Of the top 40 mining companies globally surveyed in PwC’s annual report Mine, approximately 50% of capital expenditure was related to sustaining activities. Of the $49bn in 2016 expenditure, only half was allocated to growing the business. As a further indication of health regained, impairment losses were also reduced last year.

“Although both indicators were below the prior year’s level, it is important to highlight that the proportion of impairments to capex (2016: 39%) has reduced to a level that is similar to 2012 (33%) from the peak of 2015 (77%), which indicates that miners are responding to messages around capital discipline,” said PwC in its report.

“I think we live now in world now that has an optimistic outlook for mining as capex is at record lows,” said Tim Clark, a senior analyst of Standard Bank Group Securities. “If you look across industry sectors, there is an absolute dearth of growth set against 3% to 4% demand growth so replacement [of metal supply] is going to have to come.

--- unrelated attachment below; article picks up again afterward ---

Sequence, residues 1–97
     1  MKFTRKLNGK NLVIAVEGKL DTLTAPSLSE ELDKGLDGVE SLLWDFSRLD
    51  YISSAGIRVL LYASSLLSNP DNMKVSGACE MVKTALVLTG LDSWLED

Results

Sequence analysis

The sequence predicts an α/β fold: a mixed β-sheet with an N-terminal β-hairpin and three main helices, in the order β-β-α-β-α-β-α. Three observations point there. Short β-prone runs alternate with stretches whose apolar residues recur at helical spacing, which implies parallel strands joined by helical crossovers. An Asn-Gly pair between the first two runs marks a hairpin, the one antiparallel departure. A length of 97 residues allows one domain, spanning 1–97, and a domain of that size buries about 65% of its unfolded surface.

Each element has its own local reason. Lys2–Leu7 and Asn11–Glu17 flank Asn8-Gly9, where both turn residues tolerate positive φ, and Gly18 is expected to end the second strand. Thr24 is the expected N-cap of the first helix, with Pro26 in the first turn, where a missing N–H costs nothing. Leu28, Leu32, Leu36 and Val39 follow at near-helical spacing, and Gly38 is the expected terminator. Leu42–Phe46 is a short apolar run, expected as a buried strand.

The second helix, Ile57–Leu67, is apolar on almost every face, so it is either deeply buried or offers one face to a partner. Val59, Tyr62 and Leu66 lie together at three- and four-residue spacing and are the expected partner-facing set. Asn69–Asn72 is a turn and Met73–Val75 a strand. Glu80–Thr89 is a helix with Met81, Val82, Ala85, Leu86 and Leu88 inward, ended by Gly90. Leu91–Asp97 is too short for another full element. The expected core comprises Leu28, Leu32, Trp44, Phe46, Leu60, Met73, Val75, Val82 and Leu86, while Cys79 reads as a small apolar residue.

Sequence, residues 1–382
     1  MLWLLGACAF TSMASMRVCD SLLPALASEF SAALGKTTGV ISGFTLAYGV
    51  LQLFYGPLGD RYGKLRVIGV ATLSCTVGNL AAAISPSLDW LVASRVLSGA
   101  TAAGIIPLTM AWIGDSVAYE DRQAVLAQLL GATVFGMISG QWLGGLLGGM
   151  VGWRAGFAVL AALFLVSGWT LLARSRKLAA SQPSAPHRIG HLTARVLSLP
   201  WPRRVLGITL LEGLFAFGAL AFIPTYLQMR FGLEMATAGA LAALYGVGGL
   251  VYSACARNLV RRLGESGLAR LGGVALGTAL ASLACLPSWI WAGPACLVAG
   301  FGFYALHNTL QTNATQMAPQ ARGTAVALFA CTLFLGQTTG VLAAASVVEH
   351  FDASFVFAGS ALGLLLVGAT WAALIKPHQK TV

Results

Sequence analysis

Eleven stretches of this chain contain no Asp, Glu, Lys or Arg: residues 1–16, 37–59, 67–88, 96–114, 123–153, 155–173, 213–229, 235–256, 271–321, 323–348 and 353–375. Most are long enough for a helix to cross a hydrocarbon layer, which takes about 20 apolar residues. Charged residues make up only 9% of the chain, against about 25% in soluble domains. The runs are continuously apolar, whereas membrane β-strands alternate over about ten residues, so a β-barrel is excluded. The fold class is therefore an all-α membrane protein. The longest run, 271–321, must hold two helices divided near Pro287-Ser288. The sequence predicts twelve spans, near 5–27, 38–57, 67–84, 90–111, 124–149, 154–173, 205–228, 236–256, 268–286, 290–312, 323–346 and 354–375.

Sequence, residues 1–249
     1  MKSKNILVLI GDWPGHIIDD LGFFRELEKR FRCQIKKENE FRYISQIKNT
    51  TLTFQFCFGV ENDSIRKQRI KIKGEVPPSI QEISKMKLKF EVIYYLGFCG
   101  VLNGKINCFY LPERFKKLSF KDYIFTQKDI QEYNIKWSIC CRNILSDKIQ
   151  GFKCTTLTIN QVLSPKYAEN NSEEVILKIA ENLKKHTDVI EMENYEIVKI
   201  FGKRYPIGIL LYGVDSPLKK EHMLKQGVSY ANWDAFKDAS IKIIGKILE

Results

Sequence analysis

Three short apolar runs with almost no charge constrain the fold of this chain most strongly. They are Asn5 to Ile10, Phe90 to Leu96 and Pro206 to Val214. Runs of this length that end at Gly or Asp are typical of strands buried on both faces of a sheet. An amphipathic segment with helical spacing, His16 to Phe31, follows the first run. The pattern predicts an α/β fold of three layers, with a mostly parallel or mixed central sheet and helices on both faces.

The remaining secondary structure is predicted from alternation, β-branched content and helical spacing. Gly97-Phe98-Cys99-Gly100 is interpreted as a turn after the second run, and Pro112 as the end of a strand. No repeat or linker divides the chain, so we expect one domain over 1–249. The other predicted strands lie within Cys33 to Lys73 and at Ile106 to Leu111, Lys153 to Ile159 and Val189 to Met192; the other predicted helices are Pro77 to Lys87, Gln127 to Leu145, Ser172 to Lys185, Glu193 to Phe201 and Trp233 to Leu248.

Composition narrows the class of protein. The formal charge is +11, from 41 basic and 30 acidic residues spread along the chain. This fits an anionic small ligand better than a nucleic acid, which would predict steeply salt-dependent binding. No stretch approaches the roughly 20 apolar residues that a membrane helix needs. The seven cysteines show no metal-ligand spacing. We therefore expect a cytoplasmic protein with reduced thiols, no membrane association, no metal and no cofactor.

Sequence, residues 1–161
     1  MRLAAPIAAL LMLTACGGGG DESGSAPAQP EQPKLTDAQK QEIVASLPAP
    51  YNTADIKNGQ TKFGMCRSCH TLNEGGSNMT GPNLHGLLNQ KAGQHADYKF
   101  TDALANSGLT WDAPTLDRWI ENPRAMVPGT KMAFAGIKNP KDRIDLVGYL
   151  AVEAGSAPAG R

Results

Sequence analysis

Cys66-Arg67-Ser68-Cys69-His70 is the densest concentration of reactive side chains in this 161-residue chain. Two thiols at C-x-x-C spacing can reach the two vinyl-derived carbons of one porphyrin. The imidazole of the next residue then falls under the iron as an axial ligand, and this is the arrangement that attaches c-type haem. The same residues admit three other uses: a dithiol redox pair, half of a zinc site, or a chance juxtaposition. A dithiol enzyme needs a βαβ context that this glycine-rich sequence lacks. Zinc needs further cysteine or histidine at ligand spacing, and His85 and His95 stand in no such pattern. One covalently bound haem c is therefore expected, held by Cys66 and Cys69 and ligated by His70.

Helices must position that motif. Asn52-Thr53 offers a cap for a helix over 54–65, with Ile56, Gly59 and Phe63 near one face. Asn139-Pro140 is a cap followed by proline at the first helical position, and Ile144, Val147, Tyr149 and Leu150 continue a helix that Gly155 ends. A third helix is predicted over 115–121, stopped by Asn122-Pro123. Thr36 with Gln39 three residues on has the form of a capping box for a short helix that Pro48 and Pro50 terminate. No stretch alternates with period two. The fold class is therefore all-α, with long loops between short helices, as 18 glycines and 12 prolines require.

“The companies I deal with, the CEOs and the board, aren’t in the head space where they are going to turn on the taps again,” said Clark. “With R8.2bn in net cash, Kumba Iron Ore [the Anglo American listed subsidiary] decided not to declare a dividend. It has several years of capex in the bank with cash flowing in every day.

“It’s illustrative that management teams are not prepared to grow aggressively; they are still austerity managers. Those management teams have been through hell and the last thing investors want is over-optimism and hype. So we should move into a more balanced world of replacement investment, which will bode well for the industry going forward,” he said.

The companies I deal with, the CEOs and the board aren’t in the head space where they are going to turn on the taps again – Tim Clark

There is still scepticism, however, that the mining sector has not abandoned its old ways. Indiscipline will return as the sunnier souls in the sector exaggerate its potential. Said Piet Viljoen, executive chairman of asset management company, RECM: “The problem with mining is that it’s very cyclical and all its participants inevitably act pro-cyclically. They are always expanding when prices are high and bringing in supply at the wrong time.